UN Secretary-General Ban Ki Moon called on world leaders to agree on an agreement to curb global warming at the 69th session of the UN General Assembly on 23 September 2014 in New York. The next climate summit was held in Paris in 2015, the date of the Paris Agreement, which succeeded the Kyoto Protocol. The Kyoto Protocol is an international treaty that extends the 1992 United Nations Framework Convention on Climate Change (UNFCCC), which requires States Parties to reduce greenhouse gas emissions, based on the scientific consensus that global warming is taking place (part 1) and (part two) it is very likely that human-caused CO2 emissions are the majority cause. The Kyoto Protocol was adopted on 11 December 1997 in Kyoto, Japan, and came into force on 16 February 2005. There are currently 192 parties (Canada withdrew from the protocol as of December 2012). While the enhanced transparency framework is universal and the global inventory is carried out every five years, the framework must provide “integrated flexibility” to distinguish the capabilities of developed and developing countries. In this context, the Paris Agreement contains provisions to improve the capacity-building framework.  The agreement recognizes the different circumstances of some countries and notes, in particular, that the technical review of experts for each country takes into account the specific capacity of that country to report.  The agreement also develops a capacity-building initiative for transparency to help developing countries put in place the necessary institutions and procedures to comply with the transparency framework.  The objective of the agreement is to reduce global warming as described in Article 2, in order to improve the implementation of the UNFCCC through: of the Kyoto Protocol, a pioneering environmental agreement adopted at COP3 in Japan in 1997, and this is the first time that nations have agreed on country emission reduction targets. The protocol, which only came into force in 2005, set binding emission reduction targets only for industrialized countries, based on the fact that they are responsible for most of the world`s high greenhouse gas emissions. The United States first signed the agreement, but never ratified it; President George W. Bush argued that the agreement would hurt the U.S.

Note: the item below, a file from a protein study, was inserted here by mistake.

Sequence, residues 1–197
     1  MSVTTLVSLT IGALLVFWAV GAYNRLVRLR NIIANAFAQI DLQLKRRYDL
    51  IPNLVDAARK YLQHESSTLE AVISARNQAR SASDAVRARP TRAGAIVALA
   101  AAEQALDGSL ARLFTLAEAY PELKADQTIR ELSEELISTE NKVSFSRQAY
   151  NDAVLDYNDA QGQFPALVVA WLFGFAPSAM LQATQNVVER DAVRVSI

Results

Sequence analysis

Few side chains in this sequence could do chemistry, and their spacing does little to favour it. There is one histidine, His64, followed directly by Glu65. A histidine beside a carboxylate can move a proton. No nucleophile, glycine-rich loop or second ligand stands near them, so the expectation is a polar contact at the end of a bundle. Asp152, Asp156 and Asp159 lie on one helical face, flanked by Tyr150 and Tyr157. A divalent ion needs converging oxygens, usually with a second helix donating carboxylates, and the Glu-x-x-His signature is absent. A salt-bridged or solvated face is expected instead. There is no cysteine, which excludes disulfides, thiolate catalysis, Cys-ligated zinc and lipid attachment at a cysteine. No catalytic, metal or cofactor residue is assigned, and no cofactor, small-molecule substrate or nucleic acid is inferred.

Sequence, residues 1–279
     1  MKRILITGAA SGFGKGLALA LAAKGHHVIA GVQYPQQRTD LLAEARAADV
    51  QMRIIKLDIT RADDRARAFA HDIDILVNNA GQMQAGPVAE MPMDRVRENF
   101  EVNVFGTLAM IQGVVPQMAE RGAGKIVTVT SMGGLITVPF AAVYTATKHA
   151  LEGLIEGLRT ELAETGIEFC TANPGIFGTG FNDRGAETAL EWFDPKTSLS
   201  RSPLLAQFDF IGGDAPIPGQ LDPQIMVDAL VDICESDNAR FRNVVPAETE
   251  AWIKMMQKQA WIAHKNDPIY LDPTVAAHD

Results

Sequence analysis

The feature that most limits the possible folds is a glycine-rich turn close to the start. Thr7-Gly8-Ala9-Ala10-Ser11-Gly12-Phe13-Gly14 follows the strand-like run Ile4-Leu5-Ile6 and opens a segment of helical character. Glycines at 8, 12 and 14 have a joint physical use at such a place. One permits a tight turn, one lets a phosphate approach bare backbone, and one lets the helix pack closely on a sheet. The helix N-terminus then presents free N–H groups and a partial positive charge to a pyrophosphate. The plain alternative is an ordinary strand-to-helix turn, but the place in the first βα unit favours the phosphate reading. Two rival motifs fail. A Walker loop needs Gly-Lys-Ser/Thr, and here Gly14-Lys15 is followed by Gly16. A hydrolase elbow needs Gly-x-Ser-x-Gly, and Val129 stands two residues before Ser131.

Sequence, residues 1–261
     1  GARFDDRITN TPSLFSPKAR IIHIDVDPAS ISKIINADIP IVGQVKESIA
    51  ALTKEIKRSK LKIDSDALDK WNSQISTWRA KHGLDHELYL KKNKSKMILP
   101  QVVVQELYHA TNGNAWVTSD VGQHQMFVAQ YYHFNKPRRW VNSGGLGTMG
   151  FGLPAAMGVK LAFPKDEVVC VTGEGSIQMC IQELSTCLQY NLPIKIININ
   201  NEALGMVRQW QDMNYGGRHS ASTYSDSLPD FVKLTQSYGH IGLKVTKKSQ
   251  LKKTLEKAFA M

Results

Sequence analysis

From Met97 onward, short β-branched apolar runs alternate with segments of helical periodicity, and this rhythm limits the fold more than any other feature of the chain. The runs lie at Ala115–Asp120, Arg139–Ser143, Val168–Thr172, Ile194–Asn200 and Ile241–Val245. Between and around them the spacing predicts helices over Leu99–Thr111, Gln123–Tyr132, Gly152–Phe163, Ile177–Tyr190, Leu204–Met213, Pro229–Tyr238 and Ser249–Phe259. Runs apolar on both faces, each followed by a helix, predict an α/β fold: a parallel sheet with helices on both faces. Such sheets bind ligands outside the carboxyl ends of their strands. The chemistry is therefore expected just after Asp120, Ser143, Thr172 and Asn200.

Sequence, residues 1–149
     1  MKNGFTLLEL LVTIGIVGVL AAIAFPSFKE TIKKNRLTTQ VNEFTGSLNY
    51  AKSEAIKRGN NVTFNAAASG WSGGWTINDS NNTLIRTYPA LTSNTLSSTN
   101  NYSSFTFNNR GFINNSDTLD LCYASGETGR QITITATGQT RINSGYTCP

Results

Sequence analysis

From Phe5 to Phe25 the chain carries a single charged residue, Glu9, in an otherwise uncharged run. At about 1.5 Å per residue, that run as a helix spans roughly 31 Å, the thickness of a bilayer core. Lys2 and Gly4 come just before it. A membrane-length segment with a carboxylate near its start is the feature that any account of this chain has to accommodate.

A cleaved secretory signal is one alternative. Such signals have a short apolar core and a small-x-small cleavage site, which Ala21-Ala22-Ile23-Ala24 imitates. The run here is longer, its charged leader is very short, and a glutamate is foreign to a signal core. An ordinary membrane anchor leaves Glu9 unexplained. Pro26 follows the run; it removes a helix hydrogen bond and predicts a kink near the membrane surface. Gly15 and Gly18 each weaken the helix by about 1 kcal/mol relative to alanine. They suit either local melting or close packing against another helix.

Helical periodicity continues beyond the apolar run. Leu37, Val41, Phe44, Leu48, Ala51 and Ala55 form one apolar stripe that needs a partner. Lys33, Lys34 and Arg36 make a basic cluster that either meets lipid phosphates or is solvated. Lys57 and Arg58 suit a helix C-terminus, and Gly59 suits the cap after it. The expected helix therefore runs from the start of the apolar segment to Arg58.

economy because developing countries such as China and India would not be included. In the absence of the participation of these three countries, the effectiveness of the treaty was limited, as its objectives covered only a small fraction of total global emissions. In 2011, Canada, Japan and Russia said they would not meet other Kyoto targets.  The Canadian government announced on December 12, 2011, effective December 15, 2012, its possible withdrawal from the Kyoto Protocol, effective December 15, 2012 Canada has committed to reducing its greenhouse gas emissions to 6% below 1990 levels by 2012, but in 2009 emissions were 17% to 190 higher. The Harper government has prioritized oil sands development in Alberta and de-introduced the reduction of greenhouse gas emissions. Environment Minister Peter Kent called Canada`s responsibility for “enormous financial sanctions” under the treaty unless he withdrew.   He also suggested that the recently signed Durban Agreement could provide another way forward.  The Harper government has said it will find a “Made in Canada” solution. Canada`s decision was generally not well received by representatives of other ratification countries. The Paris Agreement  is an agreement under the United Nations Framework Convention on Climate Change (UNFCCC), which deals with the reduction, adaptation and financing of greenhouse gas emissions and was signed in 2016.